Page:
Disclaimer: This site contains racial imagery that may be offensive to some. We, the owners of this blog, include it not only for the sake of preserving these artifacts of our history, but to call attention to the brilliant people who contributed to them--including actors, comedians, and musicians of color

Monday, December 11, 2006

Blog, Interrupted

Unknown to most people on my side of the pond, the BBC started regular television broadcasts in November of 1936 from the Alexandra Palace in London, getting the jump on--well, everybody in the world, including the U.S. They continued smoothly along for over three years, pioneering forms of television programming we would not master for at least another fifteen years: talk shows, variety shows, quiz programs, and the like. Only the start of World War II would knock them from their pedestal, as the government put an abrupt halt to TV broadcasting (the transmission towers were a potential homing beacon to enemy planes).

You may wonder what this has to do with anything, particularly my sudden disappearance for three weeks. Don't worry, I'm getting to that.

Two days after the German invasion of Poland, a television presenter introduced a Mickey Mouse cartoon. Halfway into the cartoon, London's few hundred television screens went black--and stayed that way, until June of 1946.

When regular broadcasts resumed, they did so at the exact point they left off--in the middle of the Mickey Mouse cartoon. As the animated images faded from the screen, they were replaced by a shot of the same announcer from 1939, now noticeably older and grayer.

His first words? "As I was saying, before I was so rudely interrupted...."

(Note: As I suspected, this story is apocryphal, according to an online BBC history site. But why let the facts get in the way of a great opening?--Rachel)

Considering what has happened since before Thanksgiving, I rather wish I had the British gift for wit and understatement. I have no clever words for my three-week vanishing act. I was simply tired--tired and frustrated.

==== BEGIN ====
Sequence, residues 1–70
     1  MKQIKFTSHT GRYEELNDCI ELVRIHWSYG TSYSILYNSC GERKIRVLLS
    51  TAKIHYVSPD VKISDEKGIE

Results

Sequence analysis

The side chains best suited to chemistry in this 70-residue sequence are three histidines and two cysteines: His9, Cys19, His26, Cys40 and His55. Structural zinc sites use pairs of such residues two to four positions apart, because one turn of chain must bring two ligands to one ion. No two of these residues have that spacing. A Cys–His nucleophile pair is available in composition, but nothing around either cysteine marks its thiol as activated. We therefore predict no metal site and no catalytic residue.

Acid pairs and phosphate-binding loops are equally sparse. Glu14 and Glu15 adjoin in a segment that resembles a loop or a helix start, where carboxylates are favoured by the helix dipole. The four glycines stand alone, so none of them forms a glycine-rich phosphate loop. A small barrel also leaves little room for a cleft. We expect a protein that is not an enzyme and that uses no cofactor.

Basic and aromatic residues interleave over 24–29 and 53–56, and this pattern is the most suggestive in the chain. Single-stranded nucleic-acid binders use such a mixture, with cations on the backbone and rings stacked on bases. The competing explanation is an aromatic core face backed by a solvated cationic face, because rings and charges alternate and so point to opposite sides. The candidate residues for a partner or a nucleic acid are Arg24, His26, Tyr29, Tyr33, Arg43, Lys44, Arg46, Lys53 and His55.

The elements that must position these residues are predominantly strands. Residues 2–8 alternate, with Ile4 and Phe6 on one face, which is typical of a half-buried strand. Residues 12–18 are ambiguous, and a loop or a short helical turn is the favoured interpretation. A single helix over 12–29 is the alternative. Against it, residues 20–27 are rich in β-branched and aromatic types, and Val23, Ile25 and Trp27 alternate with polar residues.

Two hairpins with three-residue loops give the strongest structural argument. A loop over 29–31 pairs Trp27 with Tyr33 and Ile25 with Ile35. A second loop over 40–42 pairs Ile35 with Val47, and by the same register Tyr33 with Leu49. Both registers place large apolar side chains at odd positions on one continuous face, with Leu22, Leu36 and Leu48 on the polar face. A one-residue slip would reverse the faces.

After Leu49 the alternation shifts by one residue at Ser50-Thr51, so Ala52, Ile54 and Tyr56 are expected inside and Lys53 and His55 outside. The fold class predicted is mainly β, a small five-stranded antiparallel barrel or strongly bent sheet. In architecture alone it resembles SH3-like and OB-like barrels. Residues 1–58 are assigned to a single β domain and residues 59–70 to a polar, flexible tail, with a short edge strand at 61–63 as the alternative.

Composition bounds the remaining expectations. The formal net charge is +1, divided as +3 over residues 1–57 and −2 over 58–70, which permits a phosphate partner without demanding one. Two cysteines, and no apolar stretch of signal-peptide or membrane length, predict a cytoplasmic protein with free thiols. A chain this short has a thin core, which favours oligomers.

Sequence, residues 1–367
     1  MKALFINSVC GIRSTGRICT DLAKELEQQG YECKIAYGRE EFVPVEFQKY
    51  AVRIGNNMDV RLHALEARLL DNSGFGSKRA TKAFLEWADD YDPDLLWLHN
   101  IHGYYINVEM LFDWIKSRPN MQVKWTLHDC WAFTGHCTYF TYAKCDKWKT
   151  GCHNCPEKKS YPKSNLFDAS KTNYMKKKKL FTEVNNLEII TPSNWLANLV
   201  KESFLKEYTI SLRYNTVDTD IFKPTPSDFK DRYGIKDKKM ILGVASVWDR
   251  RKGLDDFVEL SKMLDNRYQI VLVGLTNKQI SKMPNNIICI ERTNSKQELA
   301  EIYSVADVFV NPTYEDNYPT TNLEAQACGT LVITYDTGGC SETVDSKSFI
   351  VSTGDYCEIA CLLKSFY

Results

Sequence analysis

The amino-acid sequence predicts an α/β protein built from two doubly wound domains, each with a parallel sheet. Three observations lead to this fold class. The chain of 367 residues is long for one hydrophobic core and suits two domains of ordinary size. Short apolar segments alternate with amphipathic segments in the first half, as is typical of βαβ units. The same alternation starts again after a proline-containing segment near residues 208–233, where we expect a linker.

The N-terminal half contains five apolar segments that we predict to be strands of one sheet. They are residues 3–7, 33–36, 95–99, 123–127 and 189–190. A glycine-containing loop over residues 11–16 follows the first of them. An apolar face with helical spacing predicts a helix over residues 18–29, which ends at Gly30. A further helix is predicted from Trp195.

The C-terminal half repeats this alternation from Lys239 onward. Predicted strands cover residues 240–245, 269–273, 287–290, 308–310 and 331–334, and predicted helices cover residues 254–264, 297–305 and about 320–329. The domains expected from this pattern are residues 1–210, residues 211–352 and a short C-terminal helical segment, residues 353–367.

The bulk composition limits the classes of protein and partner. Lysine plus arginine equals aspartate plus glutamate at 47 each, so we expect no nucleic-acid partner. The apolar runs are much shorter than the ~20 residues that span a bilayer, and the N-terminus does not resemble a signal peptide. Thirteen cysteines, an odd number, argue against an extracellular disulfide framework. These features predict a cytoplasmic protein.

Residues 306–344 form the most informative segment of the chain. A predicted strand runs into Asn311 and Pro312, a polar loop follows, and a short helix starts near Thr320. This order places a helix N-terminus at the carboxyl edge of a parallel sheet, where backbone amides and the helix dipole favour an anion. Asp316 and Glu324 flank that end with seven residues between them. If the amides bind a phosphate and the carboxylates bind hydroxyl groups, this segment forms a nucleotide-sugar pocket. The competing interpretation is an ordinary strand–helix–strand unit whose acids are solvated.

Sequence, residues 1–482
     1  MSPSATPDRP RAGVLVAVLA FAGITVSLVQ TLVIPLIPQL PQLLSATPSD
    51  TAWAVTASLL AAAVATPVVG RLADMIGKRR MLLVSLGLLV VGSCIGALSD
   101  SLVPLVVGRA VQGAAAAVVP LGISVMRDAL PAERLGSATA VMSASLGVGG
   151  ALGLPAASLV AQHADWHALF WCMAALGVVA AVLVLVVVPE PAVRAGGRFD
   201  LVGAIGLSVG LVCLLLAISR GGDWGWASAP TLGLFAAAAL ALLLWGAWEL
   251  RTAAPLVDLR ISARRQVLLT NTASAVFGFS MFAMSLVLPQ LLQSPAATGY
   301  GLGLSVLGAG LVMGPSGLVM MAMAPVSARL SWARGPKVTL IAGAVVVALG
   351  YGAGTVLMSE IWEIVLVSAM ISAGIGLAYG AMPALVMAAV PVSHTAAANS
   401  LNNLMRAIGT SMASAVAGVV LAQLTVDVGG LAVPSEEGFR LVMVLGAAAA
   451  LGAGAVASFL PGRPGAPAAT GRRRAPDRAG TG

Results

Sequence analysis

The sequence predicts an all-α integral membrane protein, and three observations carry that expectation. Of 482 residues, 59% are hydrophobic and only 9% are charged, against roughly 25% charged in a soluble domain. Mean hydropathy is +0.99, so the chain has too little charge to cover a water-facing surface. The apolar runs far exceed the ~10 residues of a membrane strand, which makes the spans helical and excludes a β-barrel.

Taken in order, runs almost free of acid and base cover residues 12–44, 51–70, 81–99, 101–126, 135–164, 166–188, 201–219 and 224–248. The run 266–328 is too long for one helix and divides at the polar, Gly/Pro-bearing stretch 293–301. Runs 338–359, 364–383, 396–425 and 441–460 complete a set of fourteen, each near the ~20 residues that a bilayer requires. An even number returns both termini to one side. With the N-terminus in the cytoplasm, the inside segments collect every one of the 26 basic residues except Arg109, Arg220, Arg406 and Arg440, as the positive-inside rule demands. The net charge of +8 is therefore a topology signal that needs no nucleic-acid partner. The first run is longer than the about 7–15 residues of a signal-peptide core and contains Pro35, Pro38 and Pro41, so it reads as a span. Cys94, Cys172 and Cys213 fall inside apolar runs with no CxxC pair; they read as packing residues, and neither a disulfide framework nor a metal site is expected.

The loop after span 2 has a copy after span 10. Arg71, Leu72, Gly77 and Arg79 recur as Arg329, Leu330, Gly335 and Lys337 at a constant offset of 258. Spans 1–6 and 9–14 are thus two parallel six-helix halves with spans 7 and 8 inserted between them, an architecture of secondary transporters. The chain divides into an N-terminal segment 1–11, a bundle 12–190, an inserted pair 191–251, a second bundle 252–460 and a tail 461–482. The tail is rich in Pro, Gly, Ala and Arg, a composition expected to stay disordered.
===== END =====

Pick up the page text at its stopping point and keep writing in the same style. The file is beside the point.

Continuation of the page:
If ever there were a stumbling block to my keeping a steady supply of reviews flowing into this blog, it would be the complete lack of an efficient note-taking method. Up to now, I had two primary means of doing so, neither of which worked. I could view a few seconds of videotape, pause, turn my wheelchair around, type, turn, view a few more seconds, pause, turn and type.

Or I could sit in front of the TV screen with a legal notepad on my lap, scribbling handwritten notes until my wrist went numb. You can guess how successful that was. When it takes eight hours to write a review/synopsis of a seven-minute cartoon, it's clear one's methods need a serious overhaul.

"So why didn't you record your notes?" you ask. Believe me, I tried. I have no less than three recording programs on my computer. Two days before Thanksgiving, brimming with enthusiasm, I started making audio notes for MISSISSIPPI HARE.

Halfway through, my computer crashed, destroying all my data. I start all over again; an hour later, I had slogged through the entire seven minutes.

But the recording, a half-hour long WAV file, was too large for my wreck of a computer to handle. Hence, crash city.

When it happened a third time, my nerves and my exhausted brain could take no more. I resolved to take a vacation from reviewing, and anything else to do with the computer except the occasional game of Yahtzee. After I stopped screaming, that is.

But I'm back now, with a brand-new analog microcassette recorder, which has sped up the process immeasurably. Analog recorders don't crash, after all. Over the weekend, I have compiled notes for three cartoons (MISSISSIPPI HARE, JERKY TURKEY, and the Private Snafu cartoon THE GOLDBRICK) and should have at least one of those three posted today.

I can only pray there will be no further "interruptions."

Tags: , , ,

No comments: